Six Steeds of Zhao Mausoleum

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The Six Steeds of Zhao Mausoleum at Xi'an Beilin Museum

The Six Steeds of Zhao Mausoleum (simplified Chinese: 昭陵六骏; traditional Chinese: 昭陵六駿; pinyin: Zhāolíng Liùjùn) are six Tang (618-907) Chinese stone reliefs of horses (1.7m x 2.0m each) which were located in the Zhao Mausoleum, Shaanxi, China. Zhao Mausoleum is the mausoleum of Emperor Taizong of Tang (r. 626-649).

The steeds were six precious war horses of Taizong, which he rode during the early campaigns to reunify China under the Tang, and all bear names which are not Chinese but rather transliterations of Turkic or Central Asian terms, indicative of the horses' probable origin as gifts or tributes from the Tujue to the Tang forces. They are:

  • Quanmaogua (拳毛騧), Taizong's steed during the campaign against Liu Heita.
  • Shifachi (什伐赤), ridden during the Battle of Hulao against Dou Jiande. Its name derives from the Turkic term Shad,
  • Baitiwu (白蹄乌), ridden during the campaign against Xue Rengao.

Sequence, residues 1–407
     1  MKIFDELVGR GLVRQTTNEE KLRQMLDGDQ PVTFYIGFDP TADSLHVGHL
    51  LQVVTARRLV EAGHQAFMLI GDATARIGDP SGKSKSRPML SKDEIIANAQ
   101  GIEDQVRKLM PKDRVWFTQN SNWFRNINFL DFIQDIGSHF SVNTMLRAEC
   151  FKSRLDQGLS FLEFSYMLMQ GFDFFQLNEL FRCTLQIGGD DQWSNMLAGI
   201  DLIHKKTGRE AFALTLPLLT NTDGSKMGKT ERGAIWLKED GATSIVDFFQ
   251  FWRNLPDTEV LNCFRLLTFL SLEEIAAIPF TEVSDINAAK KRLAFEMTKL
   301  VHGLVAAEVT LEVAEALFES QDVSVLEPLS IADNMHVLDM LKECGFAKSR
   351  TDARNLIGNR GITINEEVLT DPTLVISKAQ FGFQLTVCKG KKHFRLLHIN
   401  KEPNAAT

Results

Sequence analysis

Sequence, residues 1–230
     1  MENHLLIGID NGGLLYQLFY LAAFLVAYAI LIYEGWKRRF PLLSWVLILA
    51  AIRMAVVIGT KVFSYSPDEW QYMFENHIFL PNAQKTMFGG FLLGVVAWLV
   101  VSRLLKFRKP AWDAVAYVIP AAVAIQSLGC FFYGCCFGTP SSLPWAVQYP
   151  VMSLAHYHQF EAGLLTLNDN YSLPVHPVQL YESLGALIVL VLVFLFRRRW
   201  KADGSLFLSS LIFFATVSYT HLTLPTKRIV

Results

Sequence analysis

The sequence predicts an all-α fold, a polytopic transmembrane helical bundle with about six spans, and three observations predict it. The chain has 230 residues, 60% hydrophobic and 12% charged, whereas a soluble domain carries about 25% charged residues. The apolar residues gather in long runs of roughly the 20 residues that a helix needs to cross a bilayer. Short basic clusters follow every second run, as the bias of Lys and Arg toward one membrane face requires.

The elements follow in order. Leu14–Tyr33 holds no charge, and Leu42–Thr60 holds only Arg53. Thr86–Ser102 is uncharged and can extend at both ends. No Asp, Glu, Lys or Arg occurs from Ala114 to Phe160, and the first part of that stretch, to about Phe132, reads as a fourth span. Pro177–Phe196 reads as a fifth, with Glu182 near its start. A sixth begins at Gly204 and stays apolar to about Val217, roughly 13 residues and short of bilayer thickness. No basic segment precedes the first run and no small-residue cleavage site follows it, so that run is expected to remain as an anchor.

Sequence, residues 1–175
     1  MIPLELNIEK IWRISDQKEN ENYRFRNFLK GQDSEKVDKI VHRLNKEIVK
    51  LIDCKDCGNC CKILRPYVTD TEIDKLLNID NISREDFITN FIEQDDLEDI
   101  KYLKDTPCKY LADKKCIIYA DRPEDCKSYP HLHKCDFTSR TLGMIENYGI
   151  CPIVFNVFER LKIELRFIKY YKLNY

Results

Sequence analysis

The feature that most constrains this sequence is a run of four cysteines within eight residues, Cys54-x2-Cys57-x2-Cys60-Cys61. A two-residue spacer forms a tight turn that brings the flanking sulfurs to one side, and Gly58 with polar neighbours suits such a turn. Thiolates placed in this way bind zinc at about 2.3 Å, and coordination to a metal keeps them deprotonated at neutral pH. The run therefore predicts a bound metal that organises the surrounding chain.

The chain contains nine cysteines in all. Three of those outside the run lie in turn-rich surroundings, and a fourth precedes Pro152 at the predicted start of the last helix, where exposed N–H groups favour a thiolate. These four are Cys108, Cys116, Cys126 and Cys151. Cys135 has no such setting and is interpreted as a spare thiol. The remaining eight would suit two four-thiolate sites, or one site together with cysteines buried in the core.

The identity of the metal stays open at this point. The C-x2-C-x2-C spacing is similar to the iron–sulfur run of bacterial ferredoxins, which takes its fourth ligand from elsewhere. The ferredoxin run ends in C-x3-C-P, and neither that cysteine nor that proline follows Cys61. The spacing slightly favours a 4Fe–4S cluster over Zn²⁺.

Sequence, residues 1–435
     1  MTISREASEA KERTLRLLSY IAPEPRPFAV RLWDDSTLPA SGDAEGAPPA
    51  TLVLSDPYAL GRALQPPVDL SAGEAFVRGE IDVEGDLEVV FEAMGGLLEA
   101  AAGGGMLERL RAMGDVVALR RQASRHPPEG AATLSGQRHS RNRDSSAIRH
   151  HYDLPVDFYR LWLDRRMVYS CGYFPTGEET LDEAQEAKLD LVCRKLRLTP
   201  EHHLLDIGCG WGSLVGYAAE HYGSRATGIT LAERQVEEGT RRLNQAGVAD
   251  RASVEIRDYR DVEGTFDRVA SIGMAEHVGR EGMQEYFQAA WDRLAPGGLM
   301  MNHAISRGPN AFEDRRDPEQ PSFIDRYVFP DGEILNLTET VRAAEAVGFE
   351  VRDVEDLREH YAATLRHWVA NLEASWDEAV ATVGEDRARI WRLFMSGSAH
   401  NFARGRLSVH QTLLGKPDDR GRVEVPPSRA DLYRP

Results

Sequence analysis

• Telebiao (特勒骠), ridden during the campaign against Song Jingang. Its name is originally 特勤 Teqin, derived from the Turkic term Tegin.
  • Qingzhui (青骓), ridden during the campaign against Dou Jiande.
  • Saluzi (飒露紫), ridden during the campaign against Wang Shichong. Its name derives from the Turkic 'Isbara', itself a derivation from the Sanskrit 'Isvara' meaning prince.

The sculptures are regarded as ancient Chinese art treasures. They were stolen by smugglers from America in 1914 and two of them were successfully exfiltrated out. The stonework is exhibited in the Stele Forest museum of Xi'an (Shifachi, Baitiwu, Telebiao and Qingzhui) and the Penn Museum at the University of Pennsylvania, USA (Quanmaogua and Saluzi) separately.